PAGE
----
Let's play a game with a coin. We will flip this coin continuously, until either we get the sequence heads, heads, tails, or we get the sequence tails, heads, heads; in the former case, you win, in the latter I win. For example, if the tosses come up \(\text{HHHTTHHTTH}\ldots\), then you won by toss 4 (because \(\text{HHT}\)), even though \(\text{THH}\) appeared latter by toss 7. Had the second toss been tails, I would have won instead, since \(\text{HHT}\) only appeared by toss 8. What is the probability that you win?

This kind of problem appears relatively often (or at least I once solved two successive problems of this fashion). Although there is a specialized method of solution that works for this problem (if you get any tails in the first two tosses, you lose, otherwise you win), I will explain a more general method that can be applied to several such problems.

First, we observe the possible states of the game. There are nine states, which we can encode as \(\text{|*, |H*, |T*, HH*, HT*, TH*, TT*, HHT, THH}\). A pipe (|) indicates the beginning of the game, while an asterisk (*) indicates the time just before the current toss. Thus \(\text{|T*}\) indicates that we got tails as the first toss, and now we're at the second toss, while \(\text{HT*}\) indicates the last two tosses were heads and tails, respectively. After each toss, our state might change to something else; for example, after a toss of heads from \(\text{HT*}\), we end up in the state \(\text{TH*}\), since now the last two tosses are tails and heads in that order. (The fact that the third-last toss was heads no longer matters.) \(\text{HHT}\) is a win for you, and \(\text{THH}\) is a win for me; once we enter either of these, we won't go anywhere else.

Now we can construct a directed graph, where the vertices are states and edges are possible transitions, where edges are weighted according to the probability of entering such state. In other words, we create a Markov chain, as given in the following diagram made lovingly by Microsoft Paint:

Red arrows indicate the state change on getting heads, while orange arrows indicate the state change on getting tails. (Except the two rightmost, finish states, where the arrow indicates the state change for whatever the toss; once we end up on one of those, we won't change any more state.) For a Markov chain, the different colors can be ignored.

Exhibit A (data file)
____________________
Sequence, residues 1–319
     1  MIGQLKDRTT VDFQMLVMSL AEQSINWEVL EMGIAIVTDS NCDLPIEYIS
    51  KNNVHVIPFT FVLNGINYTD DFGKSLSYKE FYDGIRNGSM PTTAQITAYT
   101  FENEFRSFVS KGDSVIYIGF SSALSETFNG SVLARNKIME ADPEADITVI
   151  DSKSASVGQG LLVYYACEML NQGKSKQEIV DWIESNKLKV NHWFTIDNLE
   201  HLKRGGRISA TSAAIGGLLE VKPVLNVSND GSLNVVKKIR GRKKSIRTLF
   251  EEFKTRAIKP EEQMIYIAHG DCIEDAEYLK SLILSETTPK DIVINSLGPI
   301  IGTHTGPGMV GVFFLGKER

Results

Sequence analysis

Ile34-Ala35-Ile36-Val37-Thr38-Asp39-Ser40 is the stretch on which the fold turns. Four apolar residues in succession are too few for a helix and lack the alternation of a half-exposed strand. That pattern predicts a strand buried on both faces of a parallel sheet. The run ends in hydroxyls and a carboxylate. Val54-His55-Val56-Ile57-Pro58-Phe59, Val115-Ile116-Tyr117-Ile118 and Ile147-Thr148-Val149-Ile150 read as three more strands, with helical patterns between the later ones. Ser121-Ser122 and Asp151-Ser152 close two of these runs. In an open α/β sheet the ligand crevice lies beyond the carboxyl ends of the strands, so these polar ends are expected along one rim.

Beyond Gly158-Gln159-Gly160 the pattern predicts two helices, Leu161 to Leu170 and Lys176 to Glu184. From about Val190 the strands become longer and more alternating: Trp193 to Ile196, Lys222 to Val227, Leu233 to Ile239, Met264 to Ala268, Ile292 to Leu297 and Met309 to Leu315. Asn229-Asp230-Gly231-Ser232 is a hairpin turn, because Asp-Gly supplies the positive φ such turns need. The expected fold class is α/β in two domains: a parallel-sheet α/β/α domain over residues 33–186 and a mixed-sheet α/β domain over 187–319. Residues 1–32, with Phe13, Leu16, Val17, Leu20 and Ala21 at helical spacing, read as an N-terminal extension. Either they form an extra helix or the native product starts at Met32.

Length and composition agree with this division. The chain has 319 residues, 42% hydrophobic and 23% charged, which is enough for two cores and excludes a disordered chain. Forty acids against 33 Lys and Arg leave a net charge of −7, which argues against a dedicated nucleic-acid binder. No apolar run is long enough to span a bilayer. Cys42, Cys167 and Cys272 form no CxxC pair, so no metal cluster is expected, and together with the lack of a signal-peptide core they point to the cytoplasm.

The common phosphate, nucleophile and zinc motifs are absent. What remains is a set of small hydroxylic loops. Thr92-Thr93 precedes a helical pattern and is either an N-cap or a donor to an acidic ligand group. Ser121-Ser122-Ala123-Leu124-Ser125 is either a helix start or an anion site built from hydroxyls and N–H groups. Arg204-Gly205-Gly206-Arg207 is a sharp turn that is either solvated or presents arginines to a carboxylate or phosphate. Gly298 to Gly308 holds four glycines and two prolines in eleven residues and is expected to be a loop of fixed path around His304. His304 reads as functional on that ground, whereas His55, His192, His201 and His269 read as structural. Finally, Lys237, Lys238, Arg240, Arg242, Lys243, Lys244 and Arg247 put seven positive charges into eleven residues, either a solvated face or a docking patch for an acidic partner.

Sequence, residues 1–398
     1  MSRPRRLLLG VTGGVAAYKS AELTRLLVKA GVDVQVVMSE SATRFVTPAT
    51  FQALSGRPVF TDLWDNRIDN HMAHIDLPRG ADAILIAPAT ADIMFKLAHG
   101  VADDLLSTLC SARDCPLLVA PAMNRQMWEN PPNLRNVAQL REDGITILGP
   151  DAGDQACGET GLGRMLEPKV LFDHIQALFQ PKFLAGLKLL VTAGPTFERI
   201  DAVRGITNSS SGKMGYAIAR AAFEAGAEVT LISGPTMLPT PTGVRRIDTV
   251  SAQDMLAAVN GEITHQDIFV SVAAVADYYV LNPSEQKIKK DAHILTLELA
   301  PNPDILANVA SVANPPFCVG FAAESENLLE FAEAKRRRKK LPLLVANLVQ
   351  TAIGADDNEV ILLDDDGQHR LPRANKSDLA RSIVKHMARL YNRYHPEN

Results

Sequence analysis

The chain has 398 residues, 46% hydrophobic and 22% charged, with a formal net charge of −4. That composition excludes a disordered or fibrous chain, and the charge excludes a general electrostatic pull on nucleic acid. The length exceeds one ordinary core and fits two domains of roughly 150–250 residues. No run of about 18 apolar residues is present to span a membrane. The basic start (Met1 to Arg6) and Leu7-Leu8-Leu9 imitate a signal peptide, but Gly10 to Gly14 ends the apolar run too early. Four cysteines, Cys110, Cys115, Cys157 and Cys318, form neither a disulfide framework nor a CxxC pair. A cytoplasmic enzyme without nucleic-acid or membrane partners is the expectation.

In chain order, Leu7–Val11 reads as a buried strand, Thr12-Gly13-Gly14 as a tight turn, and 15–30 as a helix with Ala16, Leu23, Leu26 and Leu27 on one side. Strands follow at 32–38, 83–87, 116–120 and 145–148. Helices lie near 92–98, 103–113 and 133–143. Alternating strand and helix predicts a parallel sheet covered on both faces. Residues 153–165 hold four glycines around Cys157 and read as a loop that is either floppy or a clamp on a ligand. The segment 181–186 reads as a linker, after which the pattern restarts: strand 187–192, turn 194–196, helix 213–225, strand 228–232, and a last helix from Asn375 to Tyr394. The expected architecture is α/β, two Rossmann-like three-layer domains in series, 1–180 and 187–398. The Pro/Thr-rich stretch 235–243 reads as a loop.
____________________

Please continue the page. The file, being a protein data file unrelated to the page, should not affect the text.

Now, we put a number into each state, indicating the probability that you win. The winning states are easy: \(\text{HHT}\) has probability \(1\) and \(\text{THH}\) has probability \(0\).

There is an important equality that always holds: \(P(\text{state }u) = \sum ((\text{weight of arrow leaving }u) \cdot P(\text{state pointed by the arrow}))\). For example, let's apply this to the state \(\text{HH*}\). Suppose it has probability \(p\). Then, according to the equality, we have \(p = \frac{1}{2} \cdot 1 + \frac{1}{2} \cdot p\); the first summand is if we follow the arrow to `HHT`

(getting a tails), while the second is if we follow the arrow to \(\text{HH*}\) (getting a heads). We can easily solve \(p = 1\). This means once we end up on \(\text{HH*}\), you will always win no matter what.

Similarly, we can solve for \(\text{HT*, TH*, TT*}\). This one is a bit harder, as we obtain a system of linear equations in three variables, but we can solve that to give all zeroes. Once we get to any of these three states, you're doomed.

We can then continue to \(\text{|H*}\) and \(\text{|T*}\). For the former, we can compute \(P(\text{|H*}) = \frac{1}{2} P(\text{HH*}) + \frac{1}{2} P(\text{HT*}) = \frac{1}{2} \cdot 1 + \frac{1}{2} \cdot 0 = \frac{1}{2}\). The latter can also be computed in the same way to give \(P(\text{|T*}) = 0\). And finally, this leads up to \(P(\text{|*}) = \frac{1}{4}\), the starting state, which means at the beginning you have only a \(\frac{1}{4}\) probability of winning. Yes, I'm a jerk.

This visualization allows us to solve most problems of this sort better, without getting confused of how states lead to each other, and what your equations are. This is not much simpler than making equations without visualization, but it helps making sure you won't miss anything and also helps to tell which nodes you can probably compute earlier. At the worst case, yes, you need to make a system of linear equations and solve it by hand as usual, but hey, you now know that if you need to do so then it's the best way available.

Sample problems (read: the two problems I did that made me want to write this note):

- Have a bite... by Brian Charlesworth
- Dicey probability by Satyen Nabar

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## Comments

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TopNewestThanks for detailed and well written Note! It gave me a head started on "Markov chain" in probability...

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check this article http://www.sciencedirect.com/science/article/pii/S0167715210002270

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